Surmising the bullet hadn’t pierced his lungs by noting he wasn’t coughing up blood (and by discovering the damaged eyeglasses case and speech), Roosevelt decided to just go ahead and make that damn speech. “I know I am good now,” Roosevelt said on the way over. “I don’t know how long I may be. This may be my last talk in this cause to our people, and while I am good I am going to drive to the hall and deliver my speech.” A crowd of about 9,000 greeted him at the Auditorium. With blood still flowing from his wound, Roosevelt began his 90-minute speech:

“Friends, I shall ask you to be as quiet as possible. I don’t know whether you fully understand that I have just been shot, but it takes more than that to kill a bull moose. But fortunately I had my manuscript, so you see I was going to make a long speech and there is a bullet—there is where the bullet went through and it probably saved me from it going into my heart. The bullet is in me now, so that I can not make a very long speech, but I will try my best.

“And now, friends, I want to take advantage of this incident and say a word of a solemn warning, as I know how to my fellow countrymen. First of all, I want to say this about myself: I have altogether too important things to think of to feel any concern over my own death, and now I can not speak to you insincerely within five minutes of being shot. I am telling you the literal truth when I say that my concern is for many other things. It is not in the least for my own life. I want you to understand that I am ahead of the game, anyway.”

6. The bullet remained in Roosevelt’s chest for the rest of his life
Following his speech, Roosevelt was quickly taken to Johnston Emergency Hospital at 320 W. Michigan St. (now the Courtyard by Marriott Milwaukee Downtown hotel). He was later transferred to a hospital in Chicago. There, doctors determined that it would be safer to leave the bullet in Roosevelt’s chest than to take it out. The candidate ended up losing the presidential race to Woodrow Wilson, though he did net more votes (4.1 million) than Taft (3.5 million). Roosevelt died less than seven years later, on January 6, 1919, at the age of 60, with the bullet still intact.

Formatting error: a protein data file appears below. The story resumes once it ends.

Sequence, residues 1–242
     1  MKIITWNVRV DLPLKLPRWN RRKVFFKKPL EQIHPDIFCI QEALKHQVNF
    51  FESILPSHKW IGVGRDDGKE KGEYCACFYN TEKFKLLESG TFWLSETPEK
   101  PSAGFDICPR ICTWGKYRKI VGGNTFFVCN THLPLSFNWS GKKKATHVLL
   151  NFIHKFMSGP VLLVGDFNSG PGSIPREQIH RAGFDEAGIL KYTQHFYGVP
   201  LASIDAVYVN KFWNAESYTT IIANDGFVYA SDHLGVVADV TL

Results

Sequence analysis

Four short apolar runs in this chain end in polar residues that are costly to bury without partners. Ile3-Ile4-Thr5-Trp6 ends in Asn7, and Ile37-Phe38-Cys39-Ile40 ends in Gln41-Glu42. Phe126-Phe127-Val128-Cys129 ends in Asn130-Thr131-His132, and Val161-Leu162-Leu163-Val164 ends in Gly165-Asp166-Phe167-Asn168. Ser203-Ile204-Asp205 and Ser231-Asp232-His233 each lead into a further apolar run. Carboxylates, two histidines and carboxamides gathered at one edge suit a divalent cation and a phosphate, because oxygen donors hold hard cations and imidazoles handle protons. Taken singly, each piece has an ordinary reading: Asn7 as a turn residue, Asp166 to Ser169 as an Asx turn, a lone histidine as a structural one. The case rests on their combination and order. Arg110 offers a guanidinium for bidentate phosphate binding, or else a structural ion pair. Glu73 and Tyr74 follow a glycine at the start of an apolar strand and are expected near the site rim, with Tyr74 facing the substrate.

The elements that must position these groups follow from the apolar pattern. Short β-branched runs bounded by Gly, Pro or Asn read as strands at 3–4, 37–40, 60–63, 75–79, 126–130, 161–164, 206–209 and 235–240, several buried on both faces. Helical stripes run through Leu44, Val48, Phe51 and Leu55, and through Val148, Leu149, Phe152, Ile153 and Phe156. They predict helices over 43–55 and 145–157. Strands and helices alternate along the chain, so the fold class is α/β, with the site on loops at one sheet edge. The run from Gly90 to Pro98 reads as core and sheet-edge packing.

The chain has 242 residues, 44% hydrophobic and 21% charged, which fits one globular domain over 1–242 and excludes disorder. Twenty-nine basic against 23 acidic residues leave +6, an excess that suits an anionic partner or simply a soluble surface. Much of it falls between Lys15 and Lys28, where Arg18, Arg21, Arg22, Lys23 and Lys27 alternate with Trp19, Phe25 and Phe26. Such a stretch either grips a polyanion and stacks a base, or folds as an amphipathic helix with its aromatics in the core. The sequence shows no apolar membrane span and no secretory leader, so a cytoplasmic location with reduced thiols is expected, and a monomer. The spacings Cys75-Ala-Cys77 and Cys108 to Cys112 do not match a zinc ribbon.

7. Schrank was declared insane and was committed to two hospitals in Wisconsin
Roosevelt’s failed assassin was never tried for his crime; instead, he was sent to the Northern State Hospital in Oshkosh, and later the Central State Mental Hospital for the Criminally Insane in Waupun. Schrank maintained that his failed act of political assassination had little to do with “the citizen Roosevelt,” but was instead meant as a message to “Roosevelt, the third-termer,” and any other future third-termers. Forbidden any contact with the outside world for 30 years, Schrank died from bronchial pneumonia on September 15, 1943, at the age of 67. His body was donated to the Medical School at Marquette University (now the Medical College of Wisconsin).

8. There was a reenactment of the shooting, 100 years later, in 2012
From the Milwaukee Journal Sentinel:

Teddy Roosevelt took a .38-caliber bullet to the chest Sunday in a striking re-enactment of the Oct. 14, 1912, assassination attempt in Milwaukee on the life of the then-former president and Bull Moose Party candidate for president.

Staged in period costumes by historical re-enactors at the downtown location where the real Roosevelt was wounded, the drama unfolded once again. Scott Paulson played the part of TR with relish. Smiling and greeting a small crowd, he exited the east entrance of the Hyatt Regency Milwaukee hotel with a “Hotel Gilpatrick” banner put up to remind onlookers of what stood there a century ago.

Only a dozen or so others were dressed in period clothing, including several police officers in the long navy blue coats and hats that now seem oversize and women in long dresses and elaborate hats.

Still, the sound of a stage pistol fired by re-enactor playing would-be assassin John Schrank at Paulson was jolting. The fake Roosevelt staggered a bit from where he was standing in an open car as smoke from the shot hung briefly in the air, then quickly assured the crowd he was fine.

“He just pinked me,” the candidate said.

9. A historical exhibit—complete with an original plaque from the Gilpatrick Hotel—hangs in the Hyatt’s 3rd Street entrance